Dr Steve Carter


Scapholunate Ligament Injuries

What are scapholunate ligament injuries?

The scapholunate ligament is possibly the most important ligament in the wrist. It firmly connects the scaphoid to the lunate, ensuring that the two bones move in unison. Scapholunate ligament injuries are tears of this ligament that can cause a degeneration in the wrist called scapholunate advanced collapse, or SLAC. If the scapholunate ligament is torn and it is not reconstructed, the two bones scaphoid and lunate are disconnected and therefore cannot move together, causing SLAC wrist, which is a severe degenerative arthritis of the wrist leading to pain, weakness and loss of function.

Scapholunate ligament injuries are usually characterised by pain in the wrist, loss of grip strength and the feeling of instability in the wrist. The injury is common among athletes and is caused by a hyperextended loaded wrist, which can often occur when a person uses their hand to break their fall.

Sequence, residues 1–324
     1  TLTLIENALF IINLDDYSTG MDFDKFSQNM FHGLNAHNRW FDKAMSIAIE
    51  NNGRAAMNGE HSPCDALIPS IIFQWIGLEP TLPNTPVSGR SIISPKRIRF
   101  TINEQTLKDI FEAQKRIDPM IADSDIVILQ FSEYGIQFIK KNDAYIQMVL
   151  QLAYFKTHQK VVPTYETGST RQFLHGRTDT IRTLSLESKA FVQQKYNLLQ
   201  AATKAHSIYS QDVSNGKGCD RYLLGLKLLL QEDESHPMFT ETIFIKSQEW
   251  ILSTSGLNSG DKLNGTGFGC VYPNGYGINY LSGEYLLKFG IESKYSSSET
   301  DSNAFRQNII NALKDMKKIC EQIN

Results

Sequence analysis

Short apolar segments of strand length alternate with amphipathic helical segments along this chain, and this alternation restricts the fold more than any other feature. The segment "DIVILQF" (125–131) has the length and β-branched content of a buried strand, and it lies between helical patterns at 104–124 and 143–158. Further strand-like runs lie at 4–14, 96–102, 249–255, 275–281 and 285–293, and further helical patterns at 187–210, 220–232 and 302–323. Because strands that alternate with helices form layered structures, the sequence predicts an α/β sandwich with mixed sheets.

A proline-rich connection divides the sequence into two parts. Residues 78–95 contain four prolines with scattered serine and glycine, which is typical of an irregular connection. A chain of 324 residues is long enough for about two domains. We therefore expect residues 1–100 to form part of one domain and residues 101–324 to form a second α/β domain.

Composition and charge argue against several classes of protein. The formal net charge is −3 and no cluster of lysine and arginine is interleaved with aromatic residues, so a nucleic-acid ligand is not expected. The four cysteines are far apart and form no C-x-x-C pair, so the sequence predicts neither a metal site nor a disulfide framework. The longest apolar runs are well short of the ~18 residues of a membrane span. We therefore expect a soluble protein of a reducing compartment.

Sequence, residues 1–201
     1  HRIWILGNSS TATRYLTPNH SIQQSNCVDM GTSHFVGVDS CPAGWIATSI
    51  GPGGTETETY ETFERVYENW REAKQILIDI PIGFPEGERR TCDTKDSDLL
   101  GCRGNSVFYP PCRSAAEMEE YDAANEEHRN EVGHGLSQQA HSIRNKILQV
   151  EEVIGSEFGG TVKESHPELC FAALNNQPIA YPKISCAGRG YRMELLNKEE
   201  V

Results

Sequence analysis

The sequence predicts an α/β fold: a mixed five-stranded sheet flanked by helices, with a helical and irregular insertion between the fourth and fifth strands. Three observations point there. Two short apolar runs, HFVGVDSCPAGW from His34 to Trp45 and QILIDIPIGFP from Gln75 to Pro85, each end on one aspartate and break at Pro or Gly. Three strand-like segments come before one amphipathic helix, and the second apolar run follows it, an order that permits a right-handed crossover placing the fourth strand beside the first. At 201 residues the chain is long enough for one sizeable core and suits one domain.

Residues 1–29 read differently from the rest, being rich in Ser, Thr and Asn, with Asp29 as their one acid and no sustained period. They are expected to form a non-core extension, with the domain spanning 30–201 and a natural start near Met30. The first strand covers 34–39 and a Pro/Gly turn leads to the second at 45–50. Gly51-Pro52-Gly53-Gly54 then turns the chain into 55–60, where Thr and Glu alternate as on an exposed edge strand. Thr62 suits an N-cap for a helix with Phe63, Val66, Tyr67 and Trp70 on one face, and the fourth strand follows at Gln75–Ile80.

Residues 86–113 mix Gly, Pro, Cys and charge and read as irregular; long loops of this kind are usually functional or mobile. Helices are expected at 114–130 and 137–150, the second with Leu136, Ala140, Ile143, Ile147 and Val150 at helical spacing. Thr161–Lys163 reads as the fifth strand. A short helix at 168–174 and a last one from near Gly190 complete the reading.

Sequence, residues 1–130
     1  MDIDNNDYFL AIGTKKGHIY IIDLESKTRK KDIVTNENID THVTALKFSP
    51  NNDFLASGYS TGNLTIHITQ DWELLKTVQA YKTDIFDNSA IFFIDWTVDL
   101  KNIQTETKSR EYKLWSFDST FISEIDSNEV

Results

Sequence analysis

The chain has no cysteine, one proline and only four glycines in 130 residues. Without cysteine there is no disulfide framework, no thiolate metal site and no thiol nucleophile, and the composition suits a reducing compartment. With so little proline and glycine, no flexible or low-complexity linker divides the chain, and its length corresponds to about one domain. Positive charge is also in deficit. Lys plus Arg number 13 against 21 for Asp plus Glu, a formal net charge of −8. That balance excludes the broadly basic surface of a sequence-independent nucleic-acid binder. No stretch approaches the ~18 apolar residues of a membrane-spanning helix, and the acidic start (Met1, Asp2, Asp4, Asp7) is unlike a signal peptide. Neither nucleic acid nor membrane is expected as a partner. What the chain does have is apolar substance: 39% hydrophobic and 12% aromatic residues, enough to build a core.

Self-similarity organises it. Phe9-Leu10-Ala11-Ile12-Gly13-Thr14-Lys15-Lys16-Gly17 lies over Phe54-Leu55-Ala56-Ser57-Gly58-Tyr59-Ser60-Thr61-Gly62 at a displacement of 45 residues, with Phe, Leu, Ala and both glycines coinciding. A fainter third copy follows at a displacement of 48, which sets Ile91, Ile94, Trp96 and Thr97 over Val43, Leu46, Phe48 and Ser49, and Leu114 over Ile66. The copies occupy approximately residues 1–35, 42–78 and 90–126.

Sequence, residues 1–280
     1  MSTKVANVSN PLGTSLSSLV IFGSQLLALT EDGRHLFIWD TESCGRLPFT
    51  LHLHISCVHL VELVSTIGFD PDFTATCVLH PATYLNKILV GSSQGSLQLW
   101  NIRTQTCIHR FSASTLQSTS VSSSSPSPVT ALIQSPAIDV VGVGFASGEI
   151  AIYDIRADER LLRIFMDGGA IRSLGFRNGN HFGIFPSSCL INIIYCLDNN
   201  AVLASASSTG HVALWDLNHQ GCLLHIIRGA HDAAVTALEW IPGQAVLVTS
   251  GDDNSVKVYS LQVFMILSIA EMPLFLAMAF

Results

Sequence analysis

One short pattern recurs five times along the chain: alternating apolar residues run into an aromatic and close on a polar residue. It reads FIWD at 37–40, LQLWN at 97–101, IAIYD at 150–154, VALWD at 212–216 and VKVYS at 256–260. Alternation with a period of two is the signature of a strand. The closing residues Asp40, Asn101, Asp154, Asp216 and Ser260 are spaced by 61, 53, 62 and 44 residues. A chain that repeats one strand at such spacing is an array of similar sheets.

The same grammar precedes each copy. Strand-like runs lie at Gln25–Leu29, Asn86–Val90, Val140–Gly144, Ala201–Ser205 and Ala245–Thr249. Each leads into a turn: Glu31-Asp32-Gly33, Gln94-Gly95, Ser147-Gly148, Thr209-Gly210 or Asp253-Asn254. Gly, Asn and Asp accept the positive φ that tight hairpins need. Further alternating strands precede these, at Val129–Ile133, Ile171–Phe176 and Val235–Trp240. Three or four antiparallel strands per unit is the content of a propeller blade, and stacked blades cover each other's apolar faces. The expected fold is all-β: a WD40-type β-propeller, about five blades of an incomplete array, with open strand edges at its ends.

How are scapholunate ligament injuries treated?

Dr Carter will first need to perform a careful clinical examination involving X-rays to diagnose a scapholunate ligament injury, but very often, this can only be confirmed with an MRI. Once the injury has been identified the ligament then needs to be repaired and augmented surgically.

There is no one single technique for repairing scapholunate ligament injuries that have shown to be consistently superior. Dr Carter, however, performs a repair followed by a palmaris longis graft, or ECR graft and a tri-ligament repair. This treatment involves repairing the ligament and supplementing the repair with an Arthrex mini-tightrope (an internal fibre wire stitch drilled through the bone). This ensures that the ligament is secure and, after surgery, patients will have to wear a cast to allow the repair to heal before engaging in physical therapy to regain use of their hands.

It is important that these injuries to the scapholunate ligament are not missed and that precise surgical reconstruction is performed in order to preserve normal wrist function.